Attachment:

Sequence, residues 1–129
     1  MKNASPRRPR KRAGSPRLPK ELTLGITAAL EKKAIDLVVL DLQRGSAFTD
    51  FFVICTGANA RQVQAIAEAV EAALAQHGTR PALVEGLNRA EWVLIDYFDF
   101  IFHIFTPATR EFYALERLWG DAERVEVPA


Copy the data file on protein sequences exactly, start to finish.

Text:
Sequence, residues 1–129
     1  MKNASPRRPR KRAGSPRLPK ELTLGITAAL EKKAIDLVVL DLQRGSAFTD
    51  FFVICTGANA RQVQAIAEAV EAALAQHGTR PALVEGLNRA EWVLIDYFDF
   101  IFHIFTPATR EFYALERLWG DAERVEVPA